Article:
The brilliant, heavy, Yorkshire star who appeared in 38 plays, 52 films, countless television shows and reading tours, directed the creepy gem The Night of the Hunter, and was the first Brit to win the Oscar for best actor, Charles Laughton's longest performance was that of husband to Elsa Lanchester. For 33 years they supported, attacked, ignored, admired, and undermined each other, while sharing two great passions, flowers and sex with other men. So successful were they in projecting marital harmony (or so cynical was the Hollywood media) that the press named them "the screen's happiest couple" in 1962, the year Laughton died of cancer. Elsa says she learned he was gay in 1931, two years after their wedding, when they came home one night to find a policeman at their door with a young tough loitering to get money from Laughton who had cruised him earlier that day in Hyde Park. She didn't care. (A free spirit, she had formerly earned money by pretending in court to be the adulterous other woman for couples who needed a legal reason to divorce.) Laughton did care, and would always live in a stew of self-doubt and self-loathing, about his talent, his weight, and his sexuality. Though he perpetually feared exposure, he brought his handsome young lovers on set with him as his masseur or assistant. When Laughton was directing a play in 1954, his star Henry Fonda snapped at him, "What do you know about men, you fat faggot?" In 1960, he and Elsa bought a Santa Monica house next door to pioneering gays Isherwood and Bachardy and the four became friends, somewhat easing Laughton's own homophobia. His final film role was a Southern senator in the gay blackmail suicide drama Advise and Consent.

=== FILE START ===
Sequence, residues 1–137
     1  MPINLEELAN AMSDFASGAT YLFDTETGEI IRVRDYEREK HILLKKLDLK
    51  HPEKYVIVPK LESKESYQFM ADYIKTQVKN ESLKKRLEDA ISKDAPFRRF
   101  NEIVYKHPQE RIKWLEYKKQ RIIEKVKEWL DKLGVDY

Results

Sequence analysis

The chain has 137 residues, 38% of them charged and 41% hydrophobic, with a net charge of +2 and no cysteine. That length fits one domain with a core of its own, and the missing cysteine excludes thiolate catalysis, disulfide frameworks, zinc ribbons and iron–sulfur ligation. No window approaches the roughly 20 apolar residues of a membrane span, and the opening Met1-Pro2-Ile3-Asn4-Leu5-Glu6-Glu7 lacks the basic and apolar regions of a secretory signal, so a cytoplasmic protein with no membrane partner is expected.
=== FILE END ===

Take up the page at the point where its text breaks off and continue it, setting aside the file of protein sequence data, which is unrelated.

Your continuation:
According to his autobiography, Include Me Out, midcentury movie star Farley Granger joined the Navy at 19 and on his first voyage, from San Francisco to Honolulu, was seasick the whole way, losing 23 pounds and needing to be hospitalized when they reached land. Thus it was that the almost too pretty Granger spent the war onshore in Hawaii, working the enlisted men's club on Waikiki Beach or helping entertain the troops under the command of the never-married Shakespearean actor Maurice Evans best known as Samantha's campy warlock father on Bewitched. Granger claims that while in Honolulu, in one memorable night, he had his first sexual experiences with a woman (a "hostess" a private club) then with a man (an enlisted officer who picked him up at that club). Obviously a star, within four years he had a lead role in Alfred Hitchcock's gay film Rope, based on the Leopold - Loeb murder and written by awesome Arthur Laurents, whom he dated for the year during filming and after. Later Granger had affairs with Jerome Robbins and Leonard Bernstein, and filmed his biggest hit,
again with Hitchcock, Strangers on a Train, from the novel by Patricia Highsmith, the lesbian author of the Mr. Ripley novels.
Granger's career faltered through the 50s, including a disastrous Broadway musical version of Pride & Prejudice in which he played Mr. Darcy. Early in the 60s he joined the National Repertory Theatre and fell in love with its production manager, Robert Calhoun. They were together 45 years and wrote Granger's memoir together. Granger discussed Rope in the documentary based on Vito Russo's stunning book, The Celluloid Closet, but please don't call him a gay hero. Speaking with Granger in a bizarre 2007 interview, Calhoun said, “And ‘gay’ — in itself, destruction of a perfectly good word — is just another way of saying faggot.” During the same exchange, Granger confirmed the interviewer's ludicrous statement that "you’ve never actually been in the closet" with, “No, I never was.” Calhoun died in 2009, Granger died in March 2011. For another look at that era, you might consider Arthur Laurents' excellent memoir, Original Story By.